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Rory McLeod bringing global musical influences to Ceredigion Museum

Rory McLeod and Catrin O’Neill event poster.

Globetrotting musician Rory McLeod and supporting local artiste Catrin O’Neill will be performing at Ceredigion Museum in Aberystwyth on Wednesday, July 6 at 7.30pm.

McLeod, an ex-fire eater and circus clown, has travelled the globe for different reasons at different times, visiting Asia, the Middle East, Gambia, Cuba, Central America, Australia, North America, Canada and Europe.

He has busked in China’s Yunnan province and danced with local tribal musicians and singers, orally exchanging music, laughter and dances in parks and drawing crowds of curious onlookers.

He was Texas harmonica champion in 1981 and was named “street busker of the year” at the Edinburgh Festival four years later.

McLeod’s songs are catchy, poignant, celebrational, observant, incisive, witty and passionate. They are about all kinds of people – richly coloured characters, school friends, family – as well as parting, travelling, love, despair and politics.

The St. Louis Post-Dispatch wrote that he “eloquently expressed ideas set to vibrant, dynamic music with bouncy rhythms, infectious riffs and nifty tunes,” while the Toronto Star reported that he “takes influences from everywhere, Latin, Klezmer, folk, roots. He’s wonderfully rhythmic and lyrical”.

O’Neill, an admirer of McLeod’s work, is thrilled to be supporting him. She has performed on stage since early childhood and is in her element in front of an audience, creating different atmospheres from one song to another.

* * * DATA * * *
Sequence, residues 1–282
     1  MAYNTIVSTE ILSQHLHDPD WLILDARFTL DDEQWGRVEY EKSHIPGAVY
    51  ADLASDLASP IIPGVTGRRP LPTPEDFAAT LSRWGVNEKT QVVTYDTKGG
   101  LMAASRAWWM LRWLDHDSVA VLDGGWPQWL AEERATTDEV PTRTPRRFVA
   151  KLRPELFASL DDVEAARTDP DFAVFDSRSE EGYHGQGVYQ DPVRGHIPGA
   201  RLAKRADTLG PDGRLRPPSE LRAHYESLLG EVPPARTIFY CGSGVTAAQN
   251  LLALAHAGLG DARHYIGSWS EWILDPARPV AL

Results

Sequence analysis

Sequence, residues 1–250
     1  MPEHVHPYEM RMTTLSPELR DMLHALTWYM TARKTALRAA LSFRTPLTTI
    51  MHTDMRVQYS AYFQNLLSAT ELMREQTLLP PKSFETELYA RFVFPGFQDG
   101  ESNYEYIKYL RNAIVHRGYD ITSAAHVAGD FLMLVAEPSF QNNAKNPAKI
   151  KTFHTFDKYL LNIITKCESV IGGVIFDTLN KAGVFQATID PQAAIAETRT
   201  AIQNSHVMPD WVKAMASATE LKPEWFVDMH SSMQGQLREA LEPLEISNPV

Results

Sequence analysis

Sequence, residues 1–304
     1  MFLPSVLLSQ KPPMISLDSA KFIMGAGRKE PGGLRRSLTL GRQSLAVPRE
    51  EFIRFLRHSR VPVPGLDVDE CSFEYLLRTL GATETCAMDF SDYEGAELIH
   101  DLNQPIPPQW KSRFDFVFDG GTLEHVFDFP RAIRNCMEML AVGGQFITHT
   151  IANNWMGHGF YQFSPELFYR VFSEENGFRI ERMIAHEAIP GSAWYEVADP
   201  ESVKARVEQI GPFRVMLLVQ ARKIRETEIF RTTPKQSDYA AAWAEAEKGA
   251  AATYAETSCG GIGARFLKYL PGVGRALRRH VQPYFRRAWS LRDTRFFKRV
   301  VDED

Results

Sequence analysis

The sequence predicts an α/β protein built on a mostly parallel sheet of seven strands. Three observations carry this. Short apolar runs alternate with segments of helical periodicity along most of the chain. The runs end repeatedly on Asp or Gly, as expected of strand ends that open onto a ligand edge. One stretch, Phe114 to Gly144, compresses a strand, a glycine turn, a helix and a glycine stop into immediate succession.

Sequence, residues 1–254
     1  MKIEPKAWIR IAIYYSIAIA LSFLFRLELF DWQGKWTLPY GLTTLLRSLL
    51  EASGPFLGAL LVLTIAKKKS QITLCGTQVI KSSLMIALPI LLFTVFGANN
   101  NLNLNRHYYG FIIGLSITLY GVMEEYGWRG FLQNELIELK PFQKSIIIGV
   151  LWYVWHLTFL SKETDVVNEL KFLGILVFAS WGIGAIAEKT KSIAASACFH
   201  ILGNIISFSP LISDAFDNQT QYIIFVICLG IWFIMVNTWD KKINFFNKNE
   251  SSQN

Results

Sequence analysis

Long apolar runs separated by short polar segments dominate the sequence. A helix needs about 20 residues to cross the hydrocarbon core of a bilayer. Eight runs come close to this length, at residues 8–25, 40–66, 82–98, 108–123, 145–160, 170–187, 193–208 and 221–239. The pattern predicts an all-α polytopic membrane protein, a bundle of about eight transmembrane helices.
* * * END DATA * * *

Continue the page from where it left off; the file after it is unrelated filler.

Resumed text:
From the joy or heartbreak of love to tales of adventure or tragedy, or a good old rowdy drinking song, she has them all in her repertoire. “It was in the company of my nain, sat by the Aga, that I learned many of the songs I perform on stage today,” she said.

McLeod explained: “I’ve travelled to look for work, to mend a broken heart, to be with someone I longed for. I’d travel to visit friends and on the way I’d make new ones, I’d roam because I was curious to see what was around the next corner, sometimes I travelled to follow the warmer weather and migrate… like the birds and the big whales and fishes do.

“I want my songs to keep memory alive, I’m trying to tell history from working people’s point of view.”

Sarah Morton, event organiser, said: “Rory’s melodies are peppered with Flamenco, Rhumba, Blues, Celtic and Calypso Rhythms, even a Waltz and Polka. Each song is very different from the next, but each song is stamped with his own style.”

Tickets to see the show are £12 for early bird or £13.50 at the door and can be bought by calling Ceredigion Museum on 01970 633 088.

This event is funded by the Arts Council of Wales Night Out scheme.